Responses to individual questions are listed in Appendix 1. Table 3 summarizes non-stratified data for Testicular Cancer (via TCKS) and Genetic Knowledge (via GKS) mean scores by demographic variables Age, Education, Marital Status, Having Children as well as LAQ group version. TC knowledge was significantly associated with age, education, and LAQ group (all at p<0.01). Older participants (>50) had significantly lower TCKS and GKS scores compared with younger participants (<40; p<0.01). TCKS and GKS knowledge scores increased with level of education (p<0.01). Knowledge level was associated with LAQ sub-group: Men with TC history had significantly higher TCKS (p<0.01) and GKS (p<0.05) scores than did at-risk male or female participants. Neither marital status nor having children was significantly associated with knowledge scores on either scale.
To further assess the correlates of knowledge in the different study groups, in our next analyses of associations between age and knowledge and between education and knowledge, we stratified by LAQ group (Table 4). For affected men with TC History, higher education was associated with higher TCKS and GKS scores (both p<0.01). No statistically significant differences between age groups were seen in men with TC history on either the TCKS or GKS. For the unaffected men at risk, those men in their 40s scored highest on the GKS (p<0.01), with no age or education effect on TCKS. Among female participants, there was a strong association of TCKS and age (p<0.01), with the oldest and youngest women having lower TCKS scores than those aged 40–49 years. For the women, there was also a significant association of education with knowledge, with higher GKS scores in the women with college or graduate training (p<0.01).
We analyzed the bivariate associations between both knowledge scales and the continuous variables of psychosocial function, social support and health beliefs/attitudes (Table 5). Higher TCKS scores were associated with more reported TSE Benefits and fewer TSE Barriers. Genetic knowledge on GKS was also significantly and positively associated with TSE Benefits and marginally negatively associated with TSE Barriers. None of the other psychological or social support variables (e.g., distress, intrusive thoughts, avoidance, social support, perceived TC susceptibility or TC severity) were significantly associated with knowledge scores.
The study variables which were significantly associated with TCKS and GCKS at p<0.25 were entered into the multivariate linear regression model. For the TCKS, the variables that remained statistically significantly associated with knowledge were Age (p<0.05), TSE Benefits (p<0.01), and the interaction between Age and LAQ group (p<0.05) (Table 6).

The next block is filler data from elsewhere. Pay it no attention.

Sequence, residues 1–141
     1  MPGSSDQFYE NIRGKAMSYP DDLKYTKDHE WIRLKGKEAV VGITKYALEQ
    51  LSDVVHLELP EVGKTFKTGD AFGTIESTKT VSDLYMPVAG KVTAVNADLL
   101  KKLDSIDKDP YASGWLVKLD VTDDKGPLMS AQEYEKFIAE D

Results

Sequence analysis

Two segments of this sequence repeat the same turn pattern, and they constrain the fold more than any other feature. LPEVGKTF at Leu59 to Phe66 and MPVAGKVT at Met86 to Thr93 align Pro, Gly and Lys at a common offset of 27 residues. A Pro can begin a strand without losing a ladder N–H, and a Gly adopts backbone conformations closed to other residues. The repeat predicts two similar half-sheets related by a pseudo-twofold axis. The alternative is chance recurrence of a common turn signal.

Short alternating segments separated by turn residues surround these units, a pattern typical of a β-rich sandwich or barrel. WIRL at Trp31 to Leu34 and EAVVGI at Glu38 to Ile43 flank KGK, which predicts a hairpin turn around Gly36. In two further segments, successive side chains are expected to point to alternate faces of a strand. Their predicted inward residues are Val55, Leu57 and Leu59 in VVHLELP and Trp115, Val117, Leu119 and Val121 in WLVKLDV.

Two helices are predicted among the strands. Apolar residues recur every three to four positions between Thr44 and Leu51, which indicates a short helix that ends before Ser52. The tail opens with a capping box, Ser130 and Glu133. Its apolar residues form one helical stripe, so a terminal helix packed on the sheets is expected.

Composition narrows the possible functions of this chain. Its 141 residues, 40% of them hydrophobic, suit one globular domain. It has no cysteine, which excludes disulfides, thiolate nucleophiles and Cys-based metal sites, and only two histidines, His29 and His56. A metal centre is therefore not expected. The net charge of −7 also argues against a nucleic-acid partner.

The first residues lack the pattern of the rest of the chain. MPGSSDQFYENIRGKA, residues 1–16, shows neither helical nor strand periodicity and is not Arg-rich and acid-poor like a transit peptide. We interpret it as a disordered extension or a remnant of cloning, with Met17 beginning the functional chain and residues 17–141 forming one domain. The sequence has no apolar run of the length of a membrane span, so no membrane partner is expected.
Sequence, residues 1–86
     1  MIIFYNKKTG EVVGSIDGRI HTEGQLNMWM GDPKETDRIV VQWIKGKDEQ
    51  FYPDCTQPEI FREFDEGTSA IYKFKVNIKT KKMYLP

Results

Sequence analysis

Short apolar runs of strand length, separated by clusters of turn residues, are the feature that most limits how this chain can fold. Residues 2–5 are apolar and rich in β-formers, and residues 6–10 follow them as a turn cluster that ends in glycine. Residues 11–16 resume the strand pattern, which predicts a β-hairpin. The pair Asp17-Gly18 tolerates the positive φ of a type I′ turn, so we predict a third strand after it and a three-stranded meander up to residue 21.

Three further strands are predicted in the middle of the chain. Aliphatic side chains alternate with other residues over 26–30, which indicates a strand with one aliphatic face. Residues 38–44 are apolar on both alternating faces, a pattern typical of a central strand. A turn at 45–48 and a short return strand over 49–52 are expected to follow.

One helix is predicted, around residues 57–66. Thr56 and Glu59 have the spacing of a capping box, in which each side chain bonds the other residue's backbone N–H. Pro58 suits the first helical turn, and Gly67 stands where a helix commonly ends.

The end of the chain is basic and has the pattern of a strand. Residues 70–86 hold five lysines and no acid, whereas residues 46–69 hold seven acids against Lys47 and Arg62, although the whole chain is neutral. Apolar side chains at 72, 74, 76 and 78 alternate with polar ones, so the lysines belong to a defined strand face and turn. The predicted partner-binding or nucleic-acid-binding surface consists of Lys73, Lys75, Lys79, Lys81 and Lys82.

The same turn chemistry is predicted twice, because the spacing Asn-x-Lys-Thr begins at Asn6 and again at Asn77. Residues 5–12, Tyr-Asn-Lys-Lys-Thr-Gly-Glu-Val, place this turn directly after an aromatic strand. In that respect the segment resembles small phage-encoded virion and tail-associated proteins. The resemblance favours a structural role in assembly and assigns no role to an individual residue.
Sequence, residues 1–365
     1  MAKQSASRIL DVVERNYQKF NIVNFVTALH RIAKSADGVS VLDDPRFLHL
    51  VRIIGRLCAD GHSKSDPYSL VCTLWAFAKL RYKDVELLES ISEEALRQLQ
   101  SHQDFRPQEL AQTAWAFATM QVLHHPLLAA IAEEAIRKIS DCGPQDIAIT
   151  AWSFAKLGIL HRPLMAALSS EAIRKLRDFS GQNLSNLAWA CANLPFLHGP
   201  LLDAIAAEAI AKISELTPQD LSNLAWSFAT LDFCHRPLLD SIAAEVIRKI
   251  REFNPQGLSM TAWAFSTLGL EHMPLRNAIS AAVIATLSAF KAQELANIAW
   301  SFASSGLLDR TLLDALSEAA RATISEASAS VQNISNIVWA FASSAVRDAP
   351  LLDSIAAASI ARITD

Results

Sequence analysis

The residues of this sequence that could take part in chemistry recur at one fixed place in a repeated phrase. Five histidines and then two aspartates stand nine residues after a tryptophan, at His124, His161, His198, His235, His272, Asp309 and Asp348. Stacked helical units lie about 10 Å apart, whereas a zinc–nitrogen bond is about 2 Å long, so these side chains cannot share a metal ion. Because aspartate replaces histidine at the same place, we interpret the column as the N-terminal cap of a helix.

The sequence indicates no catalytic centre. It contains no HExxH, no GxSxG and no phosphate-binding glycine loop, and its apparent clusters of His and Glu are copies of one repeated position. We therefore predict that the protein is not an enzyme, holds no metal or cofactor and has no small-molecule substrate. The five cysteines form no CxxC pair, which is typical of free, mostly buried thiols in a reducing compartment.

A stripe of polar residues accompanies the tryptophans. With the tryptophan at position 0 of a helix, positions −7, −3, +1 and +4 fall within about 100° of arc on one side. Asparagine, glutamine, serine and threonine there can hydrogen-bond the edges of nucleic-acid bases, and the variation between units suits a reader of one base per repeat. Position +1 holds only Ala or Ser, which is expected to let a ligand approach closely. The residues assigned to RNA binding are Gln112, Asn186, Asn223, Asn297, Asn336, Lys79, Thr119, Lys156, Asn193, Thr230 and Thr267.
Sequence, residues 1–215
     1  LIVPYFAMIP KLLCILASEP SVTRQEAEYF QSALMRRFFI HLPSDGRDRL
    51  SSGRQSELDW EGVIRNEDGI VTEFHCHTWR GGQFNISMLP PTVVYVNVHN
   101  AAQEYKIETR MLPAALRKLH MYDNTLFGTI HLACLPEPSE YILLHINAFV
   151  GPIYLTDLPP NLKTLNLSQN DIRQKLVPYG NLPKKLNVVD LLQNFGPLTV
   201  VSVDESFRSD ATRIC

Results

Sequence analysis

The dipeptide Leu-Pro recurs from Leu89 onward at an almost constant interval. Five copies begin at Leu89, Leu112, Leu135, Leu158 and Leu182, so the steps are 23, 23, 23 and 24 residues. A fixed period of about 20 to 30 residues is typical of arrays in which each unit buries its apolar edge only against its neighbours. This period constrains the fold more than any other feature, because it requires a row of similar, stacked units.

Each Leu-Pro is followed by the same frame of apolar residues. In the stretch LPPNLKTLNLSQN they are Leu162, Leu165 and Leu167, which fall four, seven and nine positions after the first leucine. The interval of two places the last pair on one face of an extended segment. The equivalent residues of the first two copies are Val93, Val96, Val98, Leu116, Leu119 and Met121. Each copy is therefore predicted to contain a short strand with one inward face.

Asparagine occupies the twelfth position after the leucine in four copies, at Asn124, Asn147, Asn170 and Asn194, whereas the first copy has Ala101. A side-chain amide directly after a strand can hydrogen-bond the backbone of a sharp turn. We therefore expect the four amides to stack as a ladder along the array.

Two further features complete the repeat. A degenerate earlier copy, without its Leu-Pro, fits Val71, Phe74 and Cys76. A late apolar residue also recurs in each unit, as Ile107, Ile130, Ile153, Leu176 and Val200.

Due to the interaction effect between age and LAQ on TCKS, we ran the regression stratified by LAQ. Although affected men had the highest TCKS score, knowledge did not reach significance in this small sample (p=0.06) as a function of age. For men at risk, the difference in scores was significant (p=0.03) only for the 50 and older age group who had worse knowledge than the other age groups. For women, those aged 40 and older had significantly better testicular cancer knowledge than women under 40 (p<0.05).
Similarly, for the GKS, we fitted a multivariate linear regression model in which TSE benefits were again found to be significantly associated with GKS scores; those who reported more TSE benefits had higher GKS scores (p<0.01).
Although we saw a plausible trend toward an association of lower genetic knowledge with the lowest educational level, this finding did not reach significance (p=0.07) in contrast to the bivariate analyses which did suggest that education was associated with higher TCKS and GKS scores (p<0.01 for men with TC history; and p<0.01 for females on GKS only). The interactions between LAQ group and education and LAQ group and age were not significant (Table 7).
This study represents the first systematic analysis of knowledge of testicular cancer and general genetic principles in survivors of FTC and their family members. Overall, we found that knowledge regarding TC and genetics was low. Not surprisingly, the testicular cancer survivors had better knowledge of TC than their relatives and spouses, presumably reflecting their greater exposure to TC-related information and education during disease treatment and follow-up.